Penalties (for late submission of Course/Project Work etc.): Work which is submitted late shall be assigned a mark of zero (or a Fail Judgement in the case of Pass/Fail modules).

Pass Standard and any Special Requirements for Passing Module: 40%.

End of Year Written Examination Profile: No End of Year Written Examination.

Requirements for Supplemental Examination: The mark for Continuous Assessment is carried forward (Assignments), Marks in passed element(s) of Continuous Assessment are carried forward, Failed element(s) of Continuous Assessment must be repeated (Students failing Practical Exam must retake it for the supplemental exam, as prescribed by the Department).

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ST3905 Applied Probability and Statistics

Credit Weighting: 5

Teaching Period(s): Teaching Period 1.

No. of Students: Min 10.

Pre-requisite(s): None

Co-requisite(s): None

Teaching Methods: 24 x 1hr(s) Lectures; 10 x 1hr(s) Tutorials.

Module Co-ordinator: Prof Finbarr O'Sullivan, Department of Statistics.

Lecturer(s): Dr Supratik Roy, School of Mathematical Sciences.

Module Objective: To teach the application of the methods of probability and statistics in engineering and science.

Module Content: The application of the methods of probability and statistics in engineering and science. Examples of non-deterministic phenomena in the physical sciences, descriptive statistics, basic notions of probability, conditional probability and independence, random variables, probability distributions with applications in quality control and reliability, sampling distributions and elementary inference, introduction to common statistical methods.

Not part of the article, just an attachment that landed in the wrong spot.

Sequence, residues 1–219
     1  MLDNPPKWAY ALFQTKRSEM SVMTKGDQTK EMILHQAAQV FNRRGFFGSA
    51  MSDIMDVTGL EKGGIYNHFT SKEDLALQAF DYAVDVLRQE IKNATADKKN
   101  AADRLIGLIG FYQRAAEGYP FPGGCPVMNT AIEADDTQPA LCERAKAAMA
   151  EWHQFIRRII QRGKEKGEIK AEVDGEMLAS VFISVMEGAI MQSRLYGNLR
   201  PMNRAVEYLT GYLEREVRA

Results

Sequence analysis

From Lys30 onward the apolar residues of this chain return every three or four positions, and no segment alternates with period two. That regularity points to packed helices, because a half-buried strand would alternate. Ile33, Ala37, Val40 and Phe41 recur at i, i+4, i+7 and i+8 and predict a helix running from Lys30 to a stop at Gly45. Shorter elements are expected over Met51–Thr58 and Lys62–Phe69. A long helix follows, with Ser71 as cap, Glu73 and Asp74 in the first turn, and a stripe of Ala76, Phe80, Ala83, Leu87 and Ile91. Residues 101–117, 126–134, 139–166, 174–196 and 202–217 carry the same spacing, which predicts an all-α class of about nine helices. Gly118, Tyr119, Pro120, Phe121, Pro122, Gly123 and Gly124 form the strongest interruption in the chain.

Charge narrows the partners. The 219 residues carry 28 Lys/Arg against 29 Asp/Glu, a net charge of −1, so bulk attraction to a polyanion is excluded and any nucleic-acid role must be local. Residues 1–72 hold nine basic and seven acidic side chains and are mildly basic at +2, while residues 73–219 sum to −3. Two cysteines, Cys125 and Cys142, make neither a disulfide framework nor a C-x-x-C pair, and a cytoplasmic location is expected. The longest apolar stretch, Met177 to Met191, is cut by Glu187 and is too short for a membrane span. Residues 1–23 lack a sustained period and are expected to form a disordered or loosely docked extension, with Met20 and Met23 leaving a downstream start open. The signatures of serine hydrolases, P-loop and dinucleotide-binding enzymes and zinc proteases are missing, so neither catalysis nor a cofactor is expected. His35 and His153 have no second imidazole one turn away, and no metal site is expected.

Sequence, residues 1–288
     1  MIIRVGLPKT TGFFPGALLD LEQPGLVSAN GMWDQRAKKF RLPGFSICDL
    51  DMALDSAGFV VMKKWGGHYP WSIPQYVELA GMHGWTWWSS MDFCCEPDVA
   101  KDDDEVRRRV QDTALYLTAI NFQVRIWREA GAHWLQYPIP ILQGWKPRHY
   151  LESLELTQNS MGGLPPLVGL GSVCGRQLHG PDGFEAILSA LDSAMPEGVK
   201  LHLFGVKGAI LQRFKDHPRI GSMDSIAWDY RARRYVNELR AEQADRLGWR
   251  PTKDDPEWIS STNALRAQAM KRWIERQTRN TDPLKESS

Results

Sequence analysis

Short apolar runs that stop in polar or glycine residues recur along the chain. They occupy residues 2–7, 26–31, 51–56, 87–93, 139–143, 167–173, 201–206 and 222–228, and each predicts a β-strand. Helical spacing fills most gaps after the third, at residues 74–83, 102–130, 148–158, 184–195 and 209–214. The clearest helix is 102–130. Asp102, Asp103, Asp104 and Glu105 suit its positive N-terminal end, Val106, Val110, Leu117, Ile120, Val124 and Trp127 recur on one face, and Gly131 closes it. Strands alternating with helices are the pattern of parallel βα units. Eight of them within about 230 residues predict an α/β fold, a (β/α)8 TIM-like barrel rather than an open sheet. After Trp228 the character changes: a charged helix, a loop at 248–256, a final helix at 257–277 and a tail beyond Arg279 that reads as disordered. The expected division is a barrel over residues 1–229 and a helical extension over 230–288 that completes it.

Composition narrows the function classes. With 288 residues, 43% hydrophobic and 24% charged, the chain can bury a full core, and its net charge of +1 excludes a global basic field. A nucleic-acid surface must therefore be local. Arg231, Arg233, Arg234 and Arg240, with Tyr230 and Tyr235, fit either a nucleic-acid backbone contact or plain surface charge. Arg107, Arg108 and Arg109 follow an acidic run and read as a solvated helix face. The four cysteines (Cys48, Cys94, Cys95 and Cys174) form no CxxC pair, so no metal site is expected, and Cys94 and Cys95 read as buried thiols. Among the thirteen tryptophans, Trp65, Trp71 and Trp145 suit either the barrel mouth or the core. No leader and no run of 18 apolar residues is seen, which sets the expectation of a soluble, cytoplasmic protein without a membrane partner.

Learning Outcomes: On successful completion of this module, students should be able to:
· do preliminary exploratory graphical analysis and representation of data, together with applications of statistical techniques for summarization and drawing numerical conclusions;
· be able to able to verify and use the fundamental axioms of probability theory, notions of events, probability space, conditional probability and independence, random variables and their expectations, examples of discrete and continuous probability distributions;
· be able to derive and apply sampling distributions, and use them for estimation, construction of confidence intervals and tests of simple hypothesis;
· have basic competence in applying statistical tools like regression, and be familiar with the basic principles of sampling theory and design of experiments.

Assessment: Total Marks 100: End of Year Written Examination 80 marks; Continuous Assessment 20 marks (Homework).

Compulsory Elements: End of Year Written Examination; Continuous Assessment.

Penalties (for late submission of Course/Project Work etc.): Work which is submitted late shall be assigned a mark of zero (or a Fail Judgement in the case of Pass/Fail modules).

Pass Standard and any Special Requirements for Passing Module: 40%.

End of Year Written Examination Profile: 1 x 1½ hr(s) paper(s).

Requirements for Supplemental Examination: 1 x 1½ hr(s) paper(s) to be taken in Autumn. The mark for Continuous Assessment is carried forward.

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ST3911 Quantitative Methods and Environmetrics

Credit Weighting: 5

Teaching Period(s): Teaching Period 2.

No. of Students: Min 12, Max 50.

Pre-requisite(s): ST2903

Co-requisite(s): None

Teaching Methods: 24 x 1hr(s) Lectures (Evening); 8 x 1hr(s) Practicals (Evening).

Module Co-ordinator: Dr Michael Cronin, Department of Statistics.

Lecturer(s): Staff, Department of Statistics.

Module Objective: To provide an understanding of quantitative methods and approaches applicable to monitoring and assessing the environment.